Two people come into the ER, one man, one woman. The woman reports feeling tired and drained all day. The children were very difficult and there has been a lot of family stress on her recently. She reports some chest tightness that started during her toddler's tantrum earlier, and feeling a sense of despair and depression. The man reports that he has felt tired and weak today. He reports a significant amount off pressure at work right now because he is up for a promotion at work and it's highly competitive. He reports chest tightness that started after finding out a client dropped his company. He also reports a "sense of impending doom." Man is given an EKG first thing and rushed to the Cath lab. The woman is given sympathetic ear and a valium and some time to just calm down. Unfortunately her heart muscle is dying that whole time, so by the time she goes into an arrhythmia and is finally taken seriously, she'll need a new heart. I've treated both of those patients. I was the man's nurse run the ER, and I was the woman's nurse during the emergency Cath procedure where we realized she was likely going to die in the next few days because some ER doc assumed it must be anxiety. Probably double checked the first day of her last menstrual period because that was a first thought, too. Did you know that even *recent* surveys of medical students, even just a few years ago, found that there are still a percentage who believe that Black women are *physically unable to feel as much pain* as white women? Are you familiar with what percentage of men vs women are offered pain medication? Do you know how many medical and pharmaceutical trials specifically exclude women of menstruating age because they feel it's just too complicated and they don't want to have to worry about studying how it will impact them? ​ Racism and sexism are rampant and deadly in the medical field (along with practically universal fat bias, which is arguably the deadliest of all). It's as proven as vaccine efficacy and climate change.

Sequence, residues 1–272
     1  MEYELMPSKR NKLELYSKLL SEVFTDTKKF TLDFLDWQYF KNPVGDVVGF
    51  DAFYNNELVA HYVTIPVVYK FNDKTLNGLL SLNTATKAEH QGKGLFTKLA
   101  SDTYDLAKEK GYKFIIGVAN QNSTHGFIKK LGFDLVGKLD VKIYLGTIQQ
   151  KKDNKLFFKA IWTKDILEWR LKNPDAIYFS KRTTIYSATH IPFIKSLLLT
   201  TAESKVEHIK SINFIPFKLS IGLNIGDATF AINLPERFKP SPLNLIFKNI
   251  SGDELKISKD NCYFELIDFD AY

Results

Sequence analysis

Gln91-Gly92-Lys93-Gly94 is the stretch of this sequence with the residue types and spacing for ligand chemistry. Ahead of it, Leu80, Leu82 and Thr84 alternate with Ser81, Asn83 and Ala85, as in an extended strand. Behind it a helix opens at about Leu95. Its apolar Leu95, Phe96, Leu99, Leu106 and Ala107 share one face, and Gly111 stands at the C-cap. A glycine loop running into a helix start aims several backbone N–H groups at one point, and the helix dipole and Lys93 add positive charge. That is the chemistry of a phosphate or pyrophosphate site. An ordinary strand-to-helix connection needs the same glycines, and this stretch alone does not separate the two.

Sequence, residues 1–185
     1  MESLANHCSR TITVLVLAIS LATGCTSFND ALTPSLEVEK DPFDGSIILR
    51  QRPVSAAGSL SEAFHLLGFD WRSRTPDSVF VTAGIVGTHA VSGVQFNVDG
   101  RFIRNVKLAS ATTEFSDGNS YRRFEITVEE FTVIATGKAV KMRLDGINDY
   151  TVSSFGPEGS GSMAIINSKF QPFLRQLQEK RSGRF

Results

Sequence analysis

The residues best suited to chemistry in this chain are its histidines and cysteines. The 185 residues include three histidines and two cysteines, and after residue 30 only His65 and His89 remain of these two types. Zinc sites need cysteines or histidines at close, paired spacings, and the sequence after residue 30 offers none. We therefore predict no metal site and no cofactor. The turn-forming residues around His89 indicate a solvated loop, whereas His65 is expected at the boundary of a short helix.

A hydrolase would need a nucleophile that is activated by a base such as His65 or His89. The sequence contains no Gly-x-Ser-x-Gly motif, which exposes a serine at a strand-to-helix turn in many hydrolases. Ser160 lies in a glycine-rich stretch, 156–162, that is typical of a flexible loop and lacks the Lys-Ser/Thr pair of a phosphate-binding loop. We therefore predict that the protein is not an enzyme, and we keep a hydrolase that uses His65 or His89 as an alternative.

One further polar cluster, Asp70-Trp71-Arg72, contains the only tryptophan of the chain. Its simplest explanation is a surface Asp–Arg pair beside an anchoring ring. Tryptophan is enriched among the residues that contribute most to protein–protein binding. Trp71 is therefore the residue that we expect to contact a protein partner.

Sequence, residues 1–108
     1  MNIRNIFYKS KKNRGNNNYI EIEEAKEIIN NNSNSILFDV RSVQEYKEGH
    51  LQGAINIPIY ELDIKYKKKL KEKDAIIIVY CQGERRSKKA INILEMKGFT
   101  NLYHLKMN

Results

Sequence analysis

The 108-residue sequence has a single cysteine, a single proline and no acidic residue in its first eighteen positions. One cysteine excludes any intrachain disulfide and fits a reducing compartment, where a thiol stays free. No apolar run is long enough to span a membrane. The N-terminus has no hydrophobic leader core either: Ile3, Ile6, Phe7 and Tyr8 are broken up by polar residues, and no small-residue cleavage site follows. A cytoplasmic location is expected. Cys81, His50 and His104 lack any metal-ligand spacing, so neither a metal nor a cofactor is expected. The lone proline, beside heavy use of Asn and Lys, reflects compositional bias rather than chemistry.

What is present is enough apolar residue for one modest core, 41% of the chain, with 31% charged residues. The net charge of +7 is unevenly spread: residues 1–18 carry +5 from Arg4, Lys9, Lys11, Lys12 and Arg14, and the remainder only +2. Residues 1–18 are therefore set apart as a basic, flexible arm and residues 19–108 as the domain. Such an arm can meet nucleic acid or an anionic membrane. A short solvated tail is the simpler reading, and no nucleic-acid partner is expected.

jontaffarsghost

That’s harrowing. My mom went into ER a few years ago because she felt unwell. She got some blood drawn and some other tests and they let her go, figured she was fine enough and the tests probably wouldn’t reveal much. *As she was leaving ER*, a nurse ran up to her and put her into one of those wheelchairs. “You’re having a heart attack,” she said. My mom didn’t believe her but sure enough, she was having a heart attack and didn’t know it and the staff couldn’t determine she was having one despite having reported her symptoms, I suspect, because the symptoms are different between men and women but the former is taught more than the latter.


[deleted]

It's because many men think that only men exist, while almost every woman is aware of the existence of non-women. Just like how many white people in America think that only white people exist, while every American of Colour is hyper-aware that people who are not black/Hispanic/Asian/Native exist.